The science of Breaking Bad: Green Light

Breaking Bad : Season 3 : Episode 4 : “Green Light”

Walt on his last day in the classroom.

Walt on his last day in the classroom.

With Walt and Jesse’s post-cooking lives rapidly degenerating back to where they were, the infamous blue meth makes a reappearance on Albuquerque’s streets. In this post, I’ll be talking about reduction methods.

You can read more about this episode at AMC, IMDb and the A.V. Club.

Random thoughts

The scythe painted outside Walt’s house associates Tuco’s cousins with Los Zetas, as did their visit to the cave back at the start of the season.

Jesse’s mention of “two reflux condensers” presumably represents the maximum number that one person can comfortably manage – back in Four Days Out, Jesse and Walt were using at least six.

Reduction to product

Walt’s trademarked cooking method, as we found out in A No-Rough-Stuff Type Deal, involves the reductive amination of phenylacetone with methylamine. Walt triumphantly confronts Jesse on the reduction step by suggesting that he used platinum dioxide (PtO2) – this would have worked, but the purity could have suffered as the process is more technically challenging (note: PtO2 is used in other reductive amination and reductive alkylation cooking methods).

Jesse responds with some unexpected chemistry knowledge – he used a mercury-aluminium amalgam because the PtO2 is “too hard to keep wet”. The Hg-Al method is quite simple, making it a popular choice for cooks, though there is some risk of a runaway reaction if the reaction vessel is not attended to. Jesse’s comment about wetness may refer to the necessity of keeping the platinum catalyst away from air – PtO2 is reduced to Pt (the actual catalyst) in a hydrogen atmosphere, which will quickly form PtO2 again if it is exposed to air or an oxidising agent.

HT to Sprinkles, who predicted this very quandary in the comment thread for Four Days Out.

For background information on this topic, see the primer on redox.

Elements in the credits

Breaking Bromine
Bad Barium
Created Chromium
Bryan Cranston Bromine
AnNa Gunn Sodium
AAron Paul Argon
DeaN Norris Nitrogen
Betsy Brandt Beryllium
RJ MitTe Tellurium
BOb Odenkirk Oxygen
Giancarlo Esposito Einsteinium
JonAthan Banks Astatine
Christopher Cousins Cobalt
Steven MicHael Quezada Hydrogen
Carmen SeraNo Nobelium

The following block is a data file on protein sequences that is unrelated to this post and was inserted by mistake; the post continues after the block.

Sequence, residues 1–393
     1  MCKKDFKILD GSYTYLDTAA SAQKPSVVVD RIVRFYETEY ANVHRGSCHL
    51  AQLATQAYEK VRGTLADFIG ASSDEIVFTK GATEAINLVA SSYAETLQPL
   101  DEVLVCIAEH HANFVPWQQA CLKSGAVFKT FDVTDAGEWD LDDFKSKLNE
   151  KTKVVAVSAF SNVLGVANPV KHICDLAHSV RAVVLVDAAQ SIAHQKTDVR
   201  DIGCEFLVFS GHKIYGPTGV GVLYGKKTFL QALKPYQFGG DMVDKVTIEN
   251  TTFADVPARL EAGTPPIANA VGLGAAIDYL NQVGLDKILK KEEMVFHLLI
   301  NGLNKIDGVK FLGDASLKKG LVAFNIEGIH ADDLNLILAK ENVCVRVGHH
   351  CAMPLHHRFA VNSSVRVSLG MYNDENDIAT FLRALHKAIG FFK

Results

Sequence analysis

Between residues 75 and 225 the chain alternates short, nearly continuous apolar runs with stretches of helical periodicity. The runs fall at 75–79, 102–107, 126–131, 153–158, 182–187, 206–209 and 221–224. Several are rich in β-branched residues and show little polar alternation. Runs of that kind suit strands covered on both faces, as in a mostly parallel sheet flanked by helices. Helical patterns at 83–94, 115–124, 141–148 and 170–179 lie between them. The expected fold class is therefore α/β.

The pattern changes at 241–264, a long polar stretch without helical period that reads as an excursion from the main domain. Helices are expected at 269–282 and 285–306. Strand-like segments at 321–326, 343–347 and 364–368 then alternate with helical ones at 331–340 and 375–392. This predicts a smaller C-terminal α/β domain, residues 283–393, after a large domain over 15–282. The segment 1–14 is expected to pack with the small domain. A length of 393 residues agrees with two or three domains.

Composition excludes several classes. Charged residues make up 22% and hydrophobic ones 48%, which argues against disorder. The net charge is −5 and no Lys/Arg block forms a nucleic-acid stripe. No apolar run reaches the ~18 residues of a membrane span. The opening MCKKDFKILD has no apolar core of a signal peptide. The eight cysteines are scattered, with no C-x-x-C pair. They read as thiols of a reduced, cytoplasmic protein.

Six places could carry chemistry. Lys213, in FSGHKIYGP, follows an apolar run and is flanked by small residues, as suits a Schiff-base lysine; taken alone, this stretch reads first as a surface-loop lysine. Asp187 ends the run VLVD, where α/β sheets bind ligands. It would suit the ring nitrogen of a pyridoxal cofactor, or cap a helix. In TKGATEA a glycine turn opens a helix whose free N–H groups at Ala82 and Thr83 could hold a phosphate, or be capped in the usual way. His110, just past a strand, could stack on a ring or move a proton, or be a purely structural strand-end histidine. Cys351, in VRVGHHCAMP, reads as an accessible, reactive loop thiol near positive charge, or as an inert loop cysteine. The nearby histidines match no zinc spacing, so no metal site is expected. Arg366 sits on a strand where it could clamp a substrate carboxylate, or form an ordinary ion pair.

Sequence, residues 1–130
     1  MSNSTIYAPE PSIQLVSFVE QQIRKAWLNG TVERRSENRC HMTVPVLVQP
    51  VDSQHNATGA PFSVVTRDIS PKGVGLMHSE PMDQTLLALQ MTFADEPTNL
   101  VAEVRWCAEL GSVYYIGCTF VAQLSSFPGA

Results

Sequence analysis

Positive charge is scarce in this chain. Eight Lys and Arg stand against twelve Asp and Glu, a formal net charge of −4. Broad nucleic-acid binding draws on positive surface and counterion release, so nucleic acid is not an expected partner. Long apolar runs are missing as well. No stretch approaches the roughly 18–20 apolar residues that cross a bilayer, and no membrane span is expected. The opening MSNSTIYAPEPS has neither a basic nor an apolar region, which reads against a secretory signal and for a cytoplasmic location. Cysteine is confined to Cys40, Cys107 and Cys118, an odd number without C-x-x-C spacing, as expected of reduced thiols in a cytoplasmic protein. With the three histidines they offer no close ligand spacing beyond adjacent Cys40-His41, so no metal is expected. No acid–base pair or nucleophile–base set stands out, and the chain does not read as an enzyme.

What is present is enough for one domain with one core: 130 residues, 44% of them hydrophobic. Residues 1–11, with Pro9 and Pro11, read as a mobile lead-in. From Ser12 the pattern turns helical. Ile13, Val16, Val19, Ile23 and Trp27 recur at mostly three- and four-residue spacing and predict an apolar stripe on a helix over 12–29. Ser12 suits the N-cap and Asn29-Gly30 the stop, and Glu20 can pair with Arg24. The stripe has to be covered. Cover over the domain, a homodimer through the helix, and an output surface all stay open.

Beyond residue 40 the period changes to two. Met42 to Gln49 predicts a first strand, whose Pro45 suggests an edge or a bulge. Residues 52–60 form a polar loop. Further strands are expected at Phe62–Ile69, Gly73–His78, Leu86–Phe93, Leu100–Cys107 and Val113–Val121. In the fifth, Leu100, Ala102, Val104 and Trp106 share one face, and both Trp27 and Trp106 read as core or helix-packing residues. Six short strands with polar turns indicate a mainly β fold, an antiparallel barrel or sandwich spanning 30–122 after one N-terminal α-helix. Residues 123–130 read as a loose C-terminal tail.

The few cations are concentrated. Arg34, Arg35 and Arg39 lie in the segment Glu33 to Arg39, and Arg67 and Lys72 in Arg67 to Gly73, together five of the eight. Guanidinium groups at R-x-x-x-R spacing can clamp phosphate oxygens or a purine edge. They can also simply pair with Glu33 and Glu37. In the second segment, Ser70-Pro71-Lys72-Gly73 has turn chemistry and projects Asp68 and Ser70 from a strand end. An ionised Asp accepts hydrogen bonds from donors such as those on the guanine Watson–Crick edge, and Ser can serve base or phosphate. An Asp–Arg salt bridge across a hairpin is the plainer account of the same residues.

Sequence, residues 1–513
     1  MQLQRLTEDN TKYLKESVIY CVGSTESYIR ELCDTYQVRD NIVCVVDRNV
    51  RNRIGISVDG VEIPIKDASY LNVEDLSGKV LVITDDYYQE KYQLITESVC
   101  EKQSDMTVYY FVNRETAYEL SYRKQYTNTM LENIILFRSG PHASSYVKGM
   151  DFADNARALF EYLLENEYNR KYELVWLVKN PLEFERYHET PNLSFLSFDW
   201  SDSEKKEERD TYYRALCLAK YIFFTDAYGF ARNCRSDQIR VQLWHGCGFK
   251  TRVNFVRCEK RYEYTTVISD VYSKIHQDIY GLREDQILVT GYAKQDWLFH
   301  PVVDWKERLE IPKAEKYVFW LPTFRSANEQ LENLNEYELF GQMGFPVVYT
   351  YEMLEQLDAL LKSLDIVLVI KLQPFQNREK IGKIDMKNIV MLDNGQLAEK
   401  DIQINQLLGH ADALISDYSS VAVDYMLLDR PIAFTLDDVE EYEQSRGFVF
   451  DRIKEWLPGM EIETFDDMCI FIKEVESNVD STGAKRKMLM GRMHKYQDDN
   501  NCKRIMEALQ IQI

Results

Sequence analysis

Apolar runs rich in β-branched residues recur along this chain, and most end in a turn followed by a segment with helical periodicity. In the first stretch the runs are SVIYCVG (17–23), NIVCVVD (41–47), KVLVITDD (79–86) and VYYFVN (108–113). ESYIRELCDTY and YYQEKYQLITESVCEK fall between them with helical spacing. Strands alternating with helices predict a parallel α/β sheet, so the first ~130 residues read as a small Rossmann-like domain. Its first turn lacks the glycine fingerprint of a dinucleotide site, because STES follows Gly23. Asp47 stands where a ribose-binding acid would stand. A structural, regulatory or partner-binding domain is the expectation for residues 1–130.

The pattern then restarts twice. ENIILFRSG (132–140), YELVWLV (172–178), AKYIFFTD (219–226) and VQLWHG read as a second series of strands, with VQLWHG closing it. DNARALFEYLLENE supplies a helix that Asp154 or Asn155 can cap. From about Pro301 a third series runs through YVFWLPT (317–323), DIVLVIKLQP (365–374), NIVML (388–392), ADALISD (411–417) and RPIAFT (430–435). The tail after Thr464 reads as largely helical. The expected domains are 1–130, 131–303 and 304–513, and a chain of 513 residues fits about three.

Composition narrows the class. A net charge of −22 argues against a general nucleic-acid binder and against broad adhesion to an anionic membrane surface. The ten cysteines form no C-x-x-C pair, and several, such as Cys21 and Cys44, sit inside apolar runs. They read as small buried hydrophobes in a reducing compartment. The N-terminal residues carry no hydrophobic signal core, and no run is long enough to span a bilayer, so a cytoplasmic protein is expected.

Michael ShAmus Wiles Americium
Jolene Purdy Plutonium
KelleY Dixon Yttrium
Mark FreeboRn Radon
MiChael Slovis Carbon
Dave Porter Polonium
Sharon Bialy Sulfur
SherrY Thomas Yttrium
Diane MerCer Cerium
Moira Walley-Beckett Molybdenum
Thomas SchnAuz Gold
George Mastras Germanium
PeTer Gould Tellurium
Sam Catlin Calcium
John ShiBan Barium
Melissa Bernstein Beryllium
MicHelle MacLaren Helium
Mark JOhnson Oxygen
StewArt A. Lyons Argon
Sam CAtlin Astatine
Scott WiNant Sodium
Vince Gilligan Vanadium

3 Responses to The science of Breaking Bad: Green Light

  1. Fungly says:

    Couldn’t he have opened up the Winnebago battery and added fresh sulfuric acid?

  2. John says:

    In a standard car battery, sulfuric acid is the electrolyte – electricity comes from the oxidation of lead to lead sulfate and the reduction of lead oxide to lead sulfate. Sulfate ions come from the sulfuric acid, so it does get exhausted when the battery is discharged.

    If Walt had added more H2SO4, he might have been able to squeeze out a little more battery life if the plates weren’t completely converted to PbSO4. It wouldn’t have been guaranteed, but it would certainly have been worth trying. Good thinking!

  3. John says:

    “The Hg-Al method is quite simple, making it a popular choice for cooks”

    It’s quite a bit more complicated than other reductions actually, as it involves multiple variables and forming the reducing agent insitu, it’s just easier to get the components for.

    The ‘anhydrous’ reductions do not need to be dry to a ppm standard, just ‘not soaking’, as a slight excess of sacrificial reducing agent will account for the remaining moisture.

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